As stimulus talks again broke down in early September, Sen. Marco Rubio, R-Fla., chairman of the Senate Committee on Small Business and Entrepreneurship, pressed JPMorgan Chase CEO Jamie Dimon to answer several questions by Sept. 23 about reports that bank employees have been involved in potentially illegal conduct involving Paycheck Protection Program and Economic Injury Disaster Loans (EIDL) funds.
Published reports stated that JPMorgan Chase is investigating alleged misuse by employees of PPP and EIDL funds.
JPMorgan said it has seen “instances of customers misusing Paycheck Protection Program Loans, unemployment benefits and other government programs” and that some “employees have fallen short, too,” according to a memo to staff from the bank’s senior leaders, as reported by Bloomberg News.
The firm said the conduct doesn’t meet its principles “and may even be illegal.” “We are doing all we can to identify those instances and cooperating with law enforcement where appropriate,” Bloomberg reported the memo as stating.
Rubio told Dimon that he’s “alarmed” by the reports.
“Both the PPP and expanded EIDL programs were intended to provide critical economic assistance to small businesses during this time of enormous need,” Rubio wrote. “Financial institutions, like yours, are on the frontlines of providing PPP assistance. Allegations that employees of financial institutions have exploited either the PPP or EIDL programs for their own gain must be investigated fully.”
The PPP has provided “over $525 billion in critical relief to more than 5.2 million businesses, and saved an estimated 50 million jobs,” the senator wrote.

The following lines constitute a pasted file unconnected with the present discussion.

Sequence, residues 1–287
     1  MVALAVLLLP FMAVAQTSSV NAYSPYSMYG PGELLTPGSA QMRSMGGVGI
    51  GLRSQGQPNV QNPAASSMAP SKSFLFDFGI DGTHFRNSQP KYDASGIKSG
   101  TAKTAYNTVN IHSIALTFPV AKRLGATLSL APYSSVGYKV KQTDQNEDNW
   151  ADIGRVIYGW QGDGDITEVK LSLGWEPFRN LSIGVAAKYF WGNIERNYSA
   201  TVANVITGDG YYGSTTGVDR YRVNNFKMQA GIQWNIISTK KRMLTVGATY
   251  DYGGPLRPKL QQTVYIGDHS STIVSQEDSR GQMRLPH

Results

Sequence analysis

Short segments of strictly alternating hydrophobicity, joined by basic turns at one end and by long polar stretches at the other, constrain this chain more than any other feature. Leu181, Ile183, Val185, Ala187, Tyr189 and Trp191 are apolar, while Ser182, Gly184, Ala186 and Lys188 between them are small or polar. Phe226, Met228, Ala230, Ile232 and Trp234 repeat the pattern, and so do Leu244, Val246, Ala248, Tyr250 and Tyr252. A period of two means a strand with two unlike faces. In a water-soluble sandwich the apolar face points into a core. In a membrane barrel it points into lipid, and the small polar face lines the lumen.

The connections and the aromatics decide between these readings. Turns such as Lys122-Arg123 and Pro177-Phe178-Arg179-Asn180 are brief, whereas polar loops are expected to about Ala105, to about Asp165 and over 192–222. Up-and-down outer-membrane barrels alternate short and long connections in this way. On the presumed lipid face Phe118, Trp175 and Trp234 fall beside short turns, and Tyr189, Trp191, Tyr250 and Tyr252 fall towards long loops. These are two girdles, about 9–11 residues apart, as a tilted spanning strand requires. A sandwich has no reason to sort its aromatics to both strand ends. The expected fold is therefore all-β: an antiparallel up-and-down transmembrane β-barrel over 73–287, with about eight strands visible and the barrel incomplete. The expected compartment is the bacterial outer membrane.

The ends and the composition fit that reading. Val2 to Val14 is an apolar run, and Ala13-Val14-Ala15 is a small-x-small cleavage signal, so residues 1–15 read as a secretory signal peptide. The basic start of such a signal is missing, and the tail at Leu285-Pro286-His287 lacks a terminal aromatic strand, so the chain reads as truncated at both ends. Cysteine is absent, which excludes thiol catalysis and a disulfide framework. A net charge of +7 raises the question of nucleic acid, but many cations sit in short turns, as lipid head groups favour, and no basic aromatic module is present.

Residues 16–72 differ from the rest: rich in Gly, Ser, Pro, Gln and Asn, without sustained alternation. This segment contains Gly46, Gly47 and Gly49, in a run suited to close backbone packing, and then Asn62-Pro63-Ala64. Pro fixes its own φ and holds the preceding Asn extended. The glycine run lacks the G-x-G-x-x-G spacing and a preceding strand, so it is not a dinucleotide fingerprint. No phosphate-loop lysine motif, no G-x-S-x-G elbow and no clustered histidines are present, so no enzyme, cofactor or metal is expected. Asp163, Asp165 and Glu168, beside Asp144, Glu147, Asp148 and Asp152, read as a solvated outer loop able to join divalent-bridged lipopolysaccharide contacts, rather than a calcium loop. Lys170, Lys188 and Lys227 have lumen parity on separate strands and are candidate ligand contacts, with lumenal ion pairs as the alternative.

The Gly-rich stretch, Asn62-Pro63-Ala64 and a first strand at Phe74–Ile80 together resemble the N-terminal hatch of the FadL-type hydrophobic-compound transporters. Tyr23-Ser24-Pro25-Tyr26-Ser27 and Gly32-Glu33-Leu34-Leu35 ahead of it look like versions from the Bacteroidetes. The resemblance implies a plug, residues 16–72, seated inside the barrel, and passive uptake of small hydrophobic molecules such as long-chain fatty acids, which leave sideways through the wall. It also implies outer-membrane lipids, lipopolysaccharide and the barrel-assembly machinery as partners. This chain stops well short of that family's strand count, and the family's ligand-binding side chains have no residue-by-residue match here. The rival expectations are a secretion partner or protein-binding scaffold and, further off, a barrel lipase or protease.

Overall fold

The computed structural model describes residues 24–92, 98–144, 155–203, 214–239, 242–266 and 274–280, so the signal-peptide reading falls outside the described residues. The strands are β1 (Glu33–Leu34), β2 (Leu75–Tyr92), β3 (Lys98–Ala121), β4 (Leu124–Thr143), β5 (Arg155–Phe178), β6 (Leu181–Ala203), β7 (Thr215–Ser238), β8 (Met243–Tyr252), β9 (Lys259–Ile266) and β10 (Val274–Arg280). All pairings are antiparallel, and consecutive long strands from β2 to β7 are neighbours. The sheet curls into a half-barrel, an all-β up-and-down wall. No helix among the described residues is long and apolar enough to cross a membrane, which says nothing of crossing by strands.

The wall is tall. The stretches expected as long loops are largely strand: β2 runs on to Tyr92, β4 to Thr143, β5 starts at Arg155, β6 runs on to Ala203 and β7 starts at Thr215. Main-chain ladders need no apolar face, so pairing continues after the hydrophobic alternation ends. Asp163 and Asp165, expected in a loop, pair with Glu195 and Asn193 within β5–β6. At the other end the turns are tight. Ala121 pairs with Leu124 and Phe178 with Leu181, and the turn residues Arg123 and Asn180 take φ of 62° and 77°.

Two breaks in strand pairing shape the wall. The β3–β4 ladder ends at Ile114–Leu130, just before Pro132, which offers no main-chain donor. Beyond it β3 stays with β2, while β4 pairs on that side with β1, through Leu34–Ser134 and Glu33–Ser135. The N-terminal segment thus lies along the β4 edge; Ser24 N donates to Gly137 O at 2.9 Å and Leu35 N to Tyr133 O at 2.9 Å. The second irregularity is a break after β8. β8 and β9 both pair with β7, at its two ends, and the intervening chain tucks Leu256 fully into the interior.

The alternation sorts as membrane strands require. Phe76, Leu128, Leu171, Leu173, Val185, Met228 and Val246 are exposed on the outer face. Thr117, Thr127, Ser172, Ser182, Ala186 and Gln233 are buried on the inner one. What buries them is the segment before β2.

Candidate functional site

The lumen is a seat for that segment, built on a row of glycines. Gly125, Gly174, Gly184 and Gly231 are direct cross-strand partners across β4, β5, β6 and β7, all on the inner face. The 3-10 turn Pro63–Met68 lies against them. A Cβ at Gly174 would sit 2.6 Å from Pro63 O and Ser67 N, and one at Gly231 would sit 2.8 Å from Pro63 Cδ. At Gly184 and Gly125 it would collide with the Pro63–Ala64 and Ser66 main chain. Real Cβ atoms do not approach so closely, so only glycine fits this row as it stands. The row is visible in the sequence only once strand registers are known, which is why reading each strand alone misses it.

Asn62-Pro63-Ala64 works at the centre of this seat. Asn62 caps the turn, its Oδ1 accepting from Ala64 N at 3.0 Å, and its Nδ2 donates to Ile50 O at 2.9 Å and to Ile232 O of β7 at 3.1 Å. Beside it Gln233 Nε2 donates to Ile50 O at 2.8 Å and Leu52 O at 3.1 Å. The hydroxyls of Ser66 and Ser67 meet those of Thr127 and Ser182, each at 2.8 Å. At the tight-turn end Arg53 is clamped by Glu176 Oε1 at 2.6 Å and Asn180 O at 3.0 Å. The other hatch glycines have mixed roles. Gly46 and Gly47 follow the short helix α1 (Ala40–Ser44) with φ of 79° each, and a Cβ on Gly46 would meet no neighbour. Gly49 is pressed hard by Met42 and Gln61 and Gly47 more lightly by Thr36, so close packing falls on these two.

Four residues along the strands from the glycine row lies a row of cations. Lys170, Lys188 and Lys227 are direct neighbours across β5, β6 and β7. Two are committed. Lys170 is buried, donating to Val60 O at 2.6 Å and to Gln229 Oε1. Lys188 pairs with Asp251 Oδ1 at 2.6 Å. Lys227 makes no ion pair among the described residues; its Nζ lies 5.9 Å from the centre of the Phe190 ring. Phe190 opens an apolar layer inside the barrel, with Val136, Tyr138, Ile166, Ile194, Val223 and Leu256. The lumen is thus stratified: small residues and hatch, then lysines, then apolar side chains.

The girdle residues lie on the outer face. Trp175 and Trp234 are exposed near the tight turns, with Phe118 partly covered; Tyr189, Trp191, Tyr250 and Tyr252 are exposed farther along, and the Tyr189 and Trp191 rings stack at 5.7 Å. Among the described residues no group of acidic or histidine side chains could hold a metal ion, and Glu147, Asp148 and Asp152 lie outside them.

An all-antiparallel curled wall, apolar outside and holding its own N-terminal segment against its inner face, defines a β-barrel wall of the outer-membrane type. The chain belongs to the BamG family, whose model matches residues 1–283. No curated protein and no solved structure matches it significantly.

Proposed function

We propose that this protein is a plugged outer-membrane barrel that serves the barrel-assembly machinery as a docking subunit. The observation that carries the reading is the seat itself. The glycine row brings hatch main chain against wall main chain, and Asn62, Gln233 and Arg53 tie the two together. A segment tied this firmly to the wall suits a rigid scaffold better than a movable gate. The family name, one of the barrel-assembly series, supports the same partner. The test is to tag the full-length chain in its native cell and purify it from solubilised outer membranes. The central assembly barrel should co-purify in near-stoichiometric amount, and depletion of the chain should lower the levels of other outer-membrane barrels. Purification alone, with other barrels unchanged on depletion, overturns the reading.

While Rubio told Dimon that he appreciated his previous response in May that JPMorgan “did not prioritize certain [PPP] loan applicants over others,” the senator wanted answers on:
• The specific allegations JPMorgan is investigating;
• Any actions JPMorgan has taken to mitigate potential fraud or misuse of PPP and/or EIDL funding;
• Any actions JPMorgan has taken to notify SBA and/or federal law enforcement of potential fraud or misuse of PPP and/or EIDL funding; and
• Any internal controls distributed to the bank’s employees regarding the PPP and/or EIDL program.
More than 50 people who allegedly committed fraud to obtain money from the PPP have been criminally charged by the Department of Justice Criminal Division’s Fraud Section, Acting Assistant Attorney General Brian Rabbitt said in a Sept. 10 speech at the PPP Criminal Fraud Enforcement Action press conference in Washington.
Stimulus Talks Falter
The Senate GOP’s new “targeted” COVID-19 relief bill, which Senate Democrats blocked on Sept. 10, included a “second round” of PPP funds.
Senate Majority Leader Mitch McConnell, R-Ky., said in introducing the bill on Sept. 8 that it focused on “some of the very most urgent health care, education and economic issues.”
After the Sept. 10 vote, McConnell tweeted: “Every Senate Democrat just voted against hundreds of billions of dollars of COVID-19 relief. They blocked money for schools, testing, vaccines, unemployment insurance, and the Paycheck Protection Program. Their goal is clear: No help for American families before the election.”
In comments before the vote, Senate Minority Leader Chuck Schumer, D-N.Y., said that the Senate “will take a rather pointless vote on the latest, highly partisan Republican, emaciated COVID-relief bill.”
McConnell “claims that his bill is an attempt at a bipartisan solution,” Schumer continued. “But, of course, the bill was drafted solely by Republicans — no input from Democrats — and rushed to the floor.”